Title

The status and distribution of naturalised alien plants on the islands of the west coast of Western Australia

Document Type

Journal Article

Publisher

Department of Environment and Conservation

School

School of Natural Sciences

RAS ID

24501

Comments

Originally published as : Lohr MT, Keighery G (2016) The status and distribution of naturalised alien plants on the islands of the west coast of Western Australia. Conservation Science Western Australia 10: 1 [online]. Article found here

Abstract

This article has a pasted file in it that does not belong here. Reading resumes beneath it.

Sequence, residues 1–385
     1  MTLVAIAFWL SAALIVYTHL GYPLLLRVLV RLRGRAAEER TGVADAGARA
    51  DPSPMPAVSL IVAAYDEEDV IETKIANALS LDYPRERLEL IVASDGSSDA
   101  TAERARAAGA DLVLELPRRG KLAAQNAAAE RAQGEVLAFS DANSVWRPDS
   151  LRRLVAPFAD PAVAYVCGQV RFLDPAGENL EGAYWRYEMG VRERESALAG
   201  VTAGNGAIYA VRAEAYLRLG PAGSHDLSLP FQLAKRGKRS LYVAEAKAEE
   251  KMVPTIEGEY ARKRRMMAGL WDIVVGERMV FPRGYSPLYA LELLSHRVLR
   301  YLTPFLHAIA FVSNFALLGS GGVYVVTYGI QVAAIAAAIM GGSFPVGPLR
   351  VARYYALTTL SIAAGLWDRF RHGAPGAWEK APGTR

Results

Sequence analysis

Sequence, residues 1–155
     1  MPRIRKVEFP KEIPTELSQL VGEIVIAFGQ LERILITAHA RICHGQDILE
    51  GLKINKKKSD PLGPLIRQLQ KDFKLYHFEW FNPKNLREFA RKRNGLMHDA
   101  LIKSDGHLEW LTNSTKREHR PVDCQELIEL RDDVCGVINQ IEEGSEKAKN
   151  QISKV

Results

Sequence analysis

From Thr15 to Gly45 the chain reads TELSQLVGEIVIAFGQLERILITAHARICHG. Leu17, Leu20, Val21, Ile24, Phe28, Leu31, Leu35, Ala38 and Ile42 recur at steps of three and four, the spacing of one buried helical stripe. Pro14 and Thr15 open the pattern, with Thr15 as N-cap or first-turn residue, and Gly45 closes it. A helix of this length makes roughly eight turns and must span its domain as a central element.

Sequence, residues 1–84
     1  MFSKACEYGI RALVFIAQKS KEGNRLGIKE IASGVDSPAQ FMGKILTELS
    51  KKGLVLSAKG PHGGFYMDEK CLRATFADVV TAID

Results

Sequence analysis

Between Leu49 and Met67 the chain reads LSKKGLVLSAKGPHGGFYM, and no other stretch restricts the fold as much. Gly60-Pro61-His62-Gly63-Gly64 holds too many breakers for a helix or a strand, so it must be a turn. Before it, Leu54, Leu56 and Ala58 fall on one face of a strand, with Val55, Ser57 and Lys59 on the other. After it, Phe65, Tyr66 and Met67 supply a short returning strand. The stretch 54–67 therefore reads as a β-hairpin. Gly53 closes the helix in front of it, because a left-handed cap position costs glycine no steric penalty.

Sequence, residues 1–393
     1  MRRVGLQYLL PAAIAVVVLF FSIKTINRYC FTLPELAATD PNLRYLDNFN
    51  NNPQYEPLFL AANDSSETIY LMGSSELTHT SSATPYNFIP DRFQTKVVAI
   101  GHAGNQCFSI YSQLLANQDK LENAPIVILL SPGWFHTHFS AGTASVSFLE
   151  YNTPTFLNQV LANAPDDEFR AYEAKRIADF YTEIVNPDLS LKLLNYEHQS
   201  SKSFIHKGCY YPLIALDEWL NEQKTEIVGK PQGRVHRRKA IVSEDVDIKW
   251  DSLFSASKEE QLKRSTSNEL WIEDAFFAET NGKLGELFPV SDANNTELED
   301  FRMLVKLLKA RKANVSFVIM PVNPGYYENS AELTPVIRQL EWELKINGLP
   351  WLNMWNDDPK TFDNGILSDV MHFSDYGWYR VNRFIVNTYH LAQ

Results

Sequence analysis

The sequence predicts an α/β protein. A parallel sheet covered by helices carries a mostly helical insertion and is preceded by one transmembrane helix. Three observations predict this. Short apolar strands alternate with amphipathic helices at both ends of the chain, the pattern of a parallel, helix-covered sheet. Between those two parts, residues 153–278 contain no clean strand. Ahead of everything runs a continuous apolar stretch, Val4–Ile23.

Alien plants pose a substantial threat to island ecosystems in Australia and worldwide. A better understanding of weed distributions is necessary to more effectively manage natural resources on islands. To address this for Western Australian islands, we assembled a database of all available records of alien plants on these islands. In the second paper in this series, we report on the distribution of records from all islands located along the west coast of Western Australia. We defined the west coast as the coastline within the boundaries of the South West, Swan and Midwest regions of the Department of Parks and Wildlife. This area of coastline stretches from Black Point (near Cape Leeuwin) in the south, to Waroora Station (near Coral Bay) in the north. From 4049 individual records, a total of 317 alien plant species were recorded on the 206 islands with existing weed records. A disproportionately large number of weed species were recorded on islands near Perth, estuarine islands, and islands with a history of intensive human activity. Some of the species recorded as present on the islands are known to be serious environmental weeds, including mother of millions (Bryophyllum delagoense), sea spurge (Euphorbia paralias), cleavers (Galium aparine), African boxthorn (Lycium ferocissimum), tree mallow (Malva arborea), ice plant (Mesembryanthemum crystallinum), common prickly pear (Opuntia stricta), sea spinach (Tetragonia decumbens), and golden crownbeard (Verbesina encelioides). The development of management plans to address these species and the survey of islands adjacent to known infestations should be conservation priorities for the west coast islands. Improved biosecurity procedures and enforcement could prevent the establishment of new weed populations on islands and reduce the future costs associated with the management of infestations. © The Government of Western Australia, 2016.

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